Zero RB Strategy: Early, Middle, Late Round Targets (2020 Fantasy Football)
In my previous articles, I have explored draft strategies centering around the Zero RB and Zero WR concept. While it may be more beneficial to follow one of these strategies depending upon your draft position, let’s explore targets drafting from the early, middle, and late positions.
Before we begin, it’s important to mention that practice makes perfect. In the world of fantasy football, especially in these weeks leading up to kickoff, things are constantly changing. Make sure to stay on top of news out of training camp and mock draft with our Draft Simulator to see if your players have risen or fallen in ADP.
For other Zero RB articles, be sure to check out Paul Ghigliere’s early August edition of this same article topic as well as 6 Targets for Zero RB Drafters by Brendan Tuma, and the Ideal Lineup for Zero Running Back Strategy. These are just a few of the vast array of content regarding this strategy that you can find on our website.
Zero RB Strategy: Do not draft a running back until the 6th Round at the earliest.
Early Round Targets: Draft Positions 1 – 4
Marlon Mack (RB – IND)
Alexander Mattison (RB – MIN)
The running backs in the early draft positions are pretty slim when you get to the sixth round. However, Mostert and Hunt are two options looking at a better opportunity in 2020.
The San Francisco 49ers are notorious for their running back by committee (RRBC) approach, which will scare some people away from Mostert this year. However, Matt Breida is now a Miami Dolphin, so Mostert only has Jerick McKinnon and Tevin Coleman to compete against in the backfield. Last year, he rushed 137 times in an RBBC for 772 yards and eight touchdowns. He saw 22 targets with 14 receptions, 180 yards, and two receiving touchdowns. His most explosive games came toward the end of the season, when he was getting used more often in the offense. There is a chance that he disappears for a few weeks in 2020, as he did in 2019 during Weeks 6 through 11, which is partly why he is falling to the sixth.
Hunt is another name popular with Zero RB enthusiasts. While he is the RB2 behind Nick Chubb in Cleveland, Hunt is too talented and too dynamic to be capped very often. After an eight-week suspension, Hunt returned to the field to rush 43 times in eight weeks for 179 yards and two touchdowns. Those numbers don’t jump off the page, but his receiving skills certainly do. During that time, he saw 44 targets for 37 receptions, 285 yards, a touchdown. He had four rushing attempts and two targets inside the 20-yard line and two rushing attempts inside the 10-yard line that resulted in his two touchdowns. He will be a player to target regardless of strategy for 2020.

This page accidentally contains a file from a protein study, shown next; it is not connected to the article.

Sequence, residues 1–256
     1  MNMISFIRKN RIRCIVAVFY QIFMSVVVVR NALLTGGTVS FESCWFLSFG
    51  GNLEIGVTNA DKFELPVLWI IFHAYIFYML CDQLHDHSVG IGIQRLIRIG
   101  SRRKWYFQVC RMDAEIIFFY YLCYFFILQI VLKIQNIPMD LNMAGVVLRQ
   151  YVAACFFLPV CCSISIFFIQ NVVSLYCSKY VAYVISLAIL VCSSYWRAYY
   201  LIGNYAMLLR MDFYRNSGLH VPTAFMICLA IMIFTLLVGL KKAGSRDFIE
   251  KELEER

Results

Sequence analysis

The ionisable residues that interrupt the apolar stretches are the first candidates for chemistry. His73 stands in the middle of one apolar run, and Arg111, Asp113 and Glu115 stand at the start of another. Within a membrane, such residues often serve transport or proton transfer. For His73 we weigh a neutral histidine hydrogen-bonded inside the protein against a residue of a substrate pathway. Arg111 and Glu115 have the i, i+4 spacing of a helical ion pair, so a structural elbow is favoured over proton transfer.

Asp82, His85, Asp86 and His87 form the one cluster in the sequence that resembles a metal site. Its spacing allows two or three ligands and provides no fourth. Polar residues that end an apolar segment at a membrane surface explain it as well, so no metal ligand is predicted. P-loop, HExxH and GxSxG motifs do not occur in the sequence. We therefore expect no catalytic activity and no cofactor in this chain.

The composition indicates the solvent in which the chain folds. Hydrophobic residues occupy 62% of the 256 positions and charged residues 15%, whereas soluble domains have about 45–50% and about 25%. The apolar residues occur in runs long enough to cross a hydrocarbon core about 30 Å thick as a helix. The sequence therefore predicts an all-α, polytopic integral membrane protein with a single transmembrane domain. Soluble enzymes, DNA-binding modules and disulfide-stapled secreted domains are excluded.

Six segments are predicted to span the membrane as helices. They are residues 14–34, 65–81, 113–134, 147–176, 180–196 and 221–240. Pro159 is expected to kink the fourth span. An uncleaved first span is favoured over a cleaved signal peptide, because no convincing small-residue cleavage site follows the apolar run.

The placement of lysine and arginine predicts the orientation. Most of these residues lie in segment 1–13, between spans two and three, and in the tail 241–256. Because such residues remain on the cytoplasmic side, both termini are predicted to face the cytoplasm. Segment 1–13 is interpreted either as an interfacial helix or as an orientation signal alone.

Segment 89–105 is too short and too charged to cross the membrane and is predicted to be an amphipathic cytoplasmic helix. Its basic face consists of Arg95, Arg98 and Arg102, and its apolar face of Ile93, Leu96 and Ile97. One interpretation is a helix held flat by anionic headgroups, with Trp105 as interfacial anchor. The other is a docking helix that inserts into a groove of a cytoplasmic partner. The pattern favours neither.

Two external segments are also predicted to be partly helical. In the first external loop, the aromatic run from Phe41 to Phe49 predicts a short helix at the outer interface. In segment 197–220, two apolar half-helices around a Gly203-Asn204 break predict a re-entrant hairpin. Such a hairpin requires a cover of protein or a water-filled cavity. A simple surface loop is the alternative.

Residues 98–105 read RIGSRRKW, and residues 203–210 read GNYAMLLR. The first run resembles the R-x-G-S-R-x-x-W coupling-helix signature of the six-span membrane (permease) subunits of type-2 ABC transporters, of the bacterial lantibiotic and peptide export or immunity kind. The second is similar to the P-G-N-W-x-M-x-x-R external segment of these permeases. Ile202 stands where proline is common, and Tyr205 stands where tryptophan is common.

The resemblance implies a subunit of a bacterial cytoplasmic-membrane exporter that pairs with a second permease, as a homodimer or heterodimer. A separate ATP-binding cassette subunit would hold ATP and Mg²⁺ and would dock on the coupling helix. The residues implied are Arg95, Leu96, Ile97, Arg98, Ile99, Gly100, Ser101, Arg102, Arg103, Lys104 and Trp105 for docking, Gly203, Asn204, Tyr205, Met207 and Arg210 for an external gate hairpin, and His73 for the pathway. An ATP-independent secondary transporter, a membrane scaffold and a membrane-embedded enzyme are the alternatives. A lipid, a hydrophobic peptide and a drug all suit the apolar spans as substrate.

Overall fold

The running backs get even thinner heading into the seventh round. Marlon Mack has been drafted the most in the early seventh. The Colts have stated that Mack is indeed their starter for 2020, while rookie Jonathan Taylor waits in the wings. Whether this is “coach speak” or it proves to be true, it’s hard to imagine a world where Taylor doesn’t get used in this offense. If you take Mack, be prepared to drop him or trade him after a big game. Taylor will likely usurp his volume as early as a few weeks into the season.
The early picks in the eighth round are far more exciting to me. I absolutely love Lindsay and Breida this year, and I am not ashamed to admit it. Lindsay has proven over the past two years that he is serious about staying in the NFL as an undrafted free agent, and he doesn’t care which running back, defense, or coaches stand in his way. His volume will be limited with Melvin Gordon as the RB1 in the offense, but Lindsay has proven that he can make big things happen on fewer rushes. I also have concerns with Gordon’s durability given his aggressive playing style, the abbreviated offseason, and the fact he that hasn’t played a full 16 games in two years.
Much like Lindsay, Breida is another running back ready to make explosive plays. He is the clear pass-catching back in the Miami backfield with Jordan Howard as the workhorse back. Here is another example of injury and sustainability concerns with Howard. Not only can Breida make plays as a receiver, but if Howard goes down, there is no one else to compete for the RB1 role. You have a playmaking back like Hunt in Cleveland as well as the backup RB1 in Breida and Lindsay.
ADP suggests that backup running back Alexander Mattison is falling to the ninth round. I’m not sure if I really believe that he will be here, but if he is, that’s a smash-draft every time. Dalvin Cook has proven every year that he cannot play a full 16 weeks. Even in a contract year, I do not expect Cook to last the whole season. Mattison also has stand-alone value, though not as much as Hunt, Lindsay, or Breida. However, he is an incredibly safe backup to stash.
Middle Round Targets: Draft Positions 5 – 8